New Trademark Clearinghouse an Important Tool for Trademark Owners as New Generic Top-Level Domains Prepare to Launch


Starting on March 26, 2013, there will be an important new tool available to help trademark owners combat unauthorized uses of their trademarks in domain names as more than 1,000 new generic top-level domains (“gTLDs”) prepare to launch.

Currently, there are only 22 gTLDs in operation, the most well-known being .com, .org, and .net.  But starting this year, perhaps as soon as April or May 2013, new gTLDs that have been in the works for years are finally set to get under way.  Applications for new gTLDs include extensions such as .app, .auto, .bank, .energy, and .shop.  That means that more than 1,000 new gTLDs may go into effect, and with them the possibility that others may register new, unauthorized domain names under different gTLDs (for example, <> or <>).  For trademark owners, obtaining defensive domain name registrations or monitoring all these new gTLDs for infringing domain name registrations may be overwhelming.

A new tool called the Trademark Clearinghouse will make the process more efficient and manageable for proactive trademark owners by allowing them to submit qualified trademarks to a central repository as a tool to help protect their marks.  The Clearinghouse will allow the mark holders to take advantage of two important services:  the Sunrise Registration Service and the Trademark Claims Service.

Sunrise Registration Service

The “Sunrise” period is the window of time after a new gTLD launches, but before registration is open to the general public, when trademark owners can register domain names that match their marks.  Only those marks the Clearinghouse has verified, and for which owners have provided proof of use, are eligible for Sunrise registration.

Sunrise registrations are only for domain names that are identical matches to the Clearinghouse trademarks, and they are not available for even slight misspellings such as plural variations of those marks.  For gTLDs that are likely to be popular, registration of key brands through this method may be worthwhile.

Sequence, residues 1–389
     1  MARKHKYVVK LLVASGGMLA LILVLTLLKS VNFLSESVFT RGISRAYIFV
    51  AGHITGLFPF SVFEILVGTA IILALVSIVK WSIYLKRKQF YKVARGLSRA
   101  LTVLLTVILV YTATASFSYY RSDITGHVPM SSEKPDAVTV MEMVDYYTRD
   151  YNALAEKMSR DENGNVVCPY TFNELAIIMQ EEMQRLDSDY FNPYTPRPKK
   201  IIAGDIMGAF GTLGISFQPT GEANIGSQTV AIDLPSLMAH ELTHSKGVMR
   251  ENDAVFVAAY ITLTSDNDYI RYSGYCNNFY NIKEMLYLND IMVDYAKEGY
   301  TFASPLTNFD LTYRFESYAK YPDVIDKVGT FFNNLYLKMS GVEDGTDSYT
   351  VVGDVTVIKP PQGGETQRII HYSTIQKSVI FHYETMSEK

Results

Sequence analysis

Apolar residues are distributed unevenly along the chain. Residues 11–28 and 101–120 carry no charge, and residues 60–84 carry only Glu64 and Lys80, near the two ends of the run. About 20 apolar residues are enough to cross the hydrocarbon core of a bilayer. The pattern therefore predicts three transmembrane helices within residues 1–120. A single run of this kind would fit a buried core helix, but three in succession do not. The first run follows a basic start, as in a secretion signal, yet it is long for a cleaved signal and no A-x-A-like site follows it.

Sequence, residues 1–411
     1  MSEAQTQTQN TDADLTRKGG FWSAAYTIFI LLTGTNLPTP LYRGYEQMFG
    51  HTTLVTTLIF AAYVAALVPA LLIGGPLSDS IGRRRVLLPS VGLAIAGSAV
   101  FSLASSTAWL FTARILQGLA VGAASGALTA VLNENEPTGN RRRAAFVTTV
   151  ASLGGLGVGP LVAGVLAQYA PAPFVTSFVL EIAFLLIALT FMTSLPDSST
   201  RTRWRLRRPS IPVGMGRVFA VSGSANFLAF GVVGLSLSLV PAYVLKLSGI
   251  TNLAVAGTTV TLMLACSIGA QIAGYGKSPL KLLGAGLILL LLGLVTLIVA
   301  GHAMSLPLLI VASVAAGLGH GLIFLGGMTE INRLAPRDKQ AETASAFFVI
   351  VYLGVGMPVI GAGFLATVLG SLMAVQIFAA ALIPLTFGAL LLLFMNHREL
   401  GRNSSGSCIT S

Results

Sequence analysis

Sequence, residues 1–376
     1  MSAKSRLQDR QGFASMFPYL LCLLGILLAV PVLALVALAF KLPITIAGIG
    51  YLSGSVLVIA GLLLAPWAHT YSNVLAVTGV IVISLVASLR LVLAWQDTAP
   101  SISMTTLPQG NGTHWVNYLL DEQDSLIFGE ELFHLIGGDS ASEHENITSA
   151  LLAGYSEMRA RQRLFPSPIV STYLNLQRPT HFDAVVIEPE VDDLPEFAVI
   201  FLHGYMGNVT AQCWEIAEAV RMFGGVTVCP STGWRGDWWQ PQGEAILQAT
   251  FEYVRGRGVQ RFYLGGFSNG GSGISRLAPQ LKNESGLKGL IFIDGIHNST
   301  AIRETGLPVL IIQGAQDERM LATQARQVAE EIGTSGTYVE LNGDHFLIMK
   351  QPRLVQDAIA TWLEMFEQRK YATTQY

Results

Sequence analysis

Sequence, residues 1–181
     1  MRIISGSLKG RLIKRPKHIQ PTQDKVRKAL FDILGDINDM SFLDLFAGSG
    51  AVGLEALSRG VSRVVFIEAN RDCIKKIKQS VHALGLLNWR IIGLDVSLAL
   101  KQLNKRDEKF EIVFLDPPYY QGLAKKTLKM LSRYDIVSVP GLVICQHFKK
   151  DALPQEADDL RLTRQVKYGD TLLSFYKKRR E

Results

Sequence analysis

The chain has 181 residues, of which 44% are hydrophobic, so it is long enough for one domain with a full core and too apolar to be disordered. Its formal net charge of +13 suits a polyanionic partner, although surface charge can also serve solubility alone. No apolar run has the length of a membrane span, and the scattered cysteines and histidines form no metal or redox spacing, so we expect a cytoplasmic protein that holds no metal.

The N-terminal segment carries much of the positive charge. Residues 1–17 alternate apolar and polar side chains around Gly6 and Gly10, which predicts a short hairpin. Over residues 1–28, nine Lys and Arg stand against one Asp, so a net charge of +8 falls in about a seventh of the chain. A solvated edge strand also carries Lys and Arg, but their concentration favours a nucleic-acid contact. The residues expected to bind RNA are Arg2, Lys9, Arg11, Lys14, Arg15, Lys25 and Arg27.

Trademark Claims Service

The Trademark Clearinghouse’s second important benefit is called the Trademark Claims Service.  The Claims Service will work both as a deterrent to potential unauthorized applicants and a watch system for trademark owners, at least within the first 60 days after a new gTLD registry opens registration to the public.  During that time, any application for a domain name that is identical to a mark recorded in the Clearinghouse will trigger an alert to the applicant of the potential conflict.  The Claims Service will not block the application, but if the application goes forward, the service will alert the trademark owner to the domain registration.  The trademark owner can then determine whether it wishes to take enforcement measures to try to obtain or suspend the domain name.

Determining Whether to Use the Trademark Clearinghouse

Trademark owners should consider the benefits and costs of the Trademark Clearinghouse before deciding which, if any, of their marks to submit.

The Clearinghouse allows mark holders to use Sunrise registrations and provides an efficient way to monitor unauthorized uses in all gTLDs.  The scope of the Trademark Clearinghouse is somewhat limited, however, in that it covers only identical matches to trademarks, not slight variations.  It is also limited in time, as the Sunrise period only lasts for the first 30 days of the registration period, and the Trademark Claims Service may only last 60 days after the launch of a new gTLD, with the option of the new gTLD registries to extend those time periods.

The Trademark Clearinghouse will cost $150 for a one-year registration, $435 for three years, and $725 for five years.  That fee includes registration and verification of the trademark record, Sunrise services, trademark claims services, and linking 10 domain names to the registration.

Because this expansion of gTLDs is unprecedented, it is difficult to predict the importance of brand enforcement in this new space, and the cautious route may be the better one, at least for key brands.  For more information on the Trademark Clearinghouse, or for advice on developing a brand enforcement strategy in light of the new gTLD launch, please contact one of our trademark lawyers.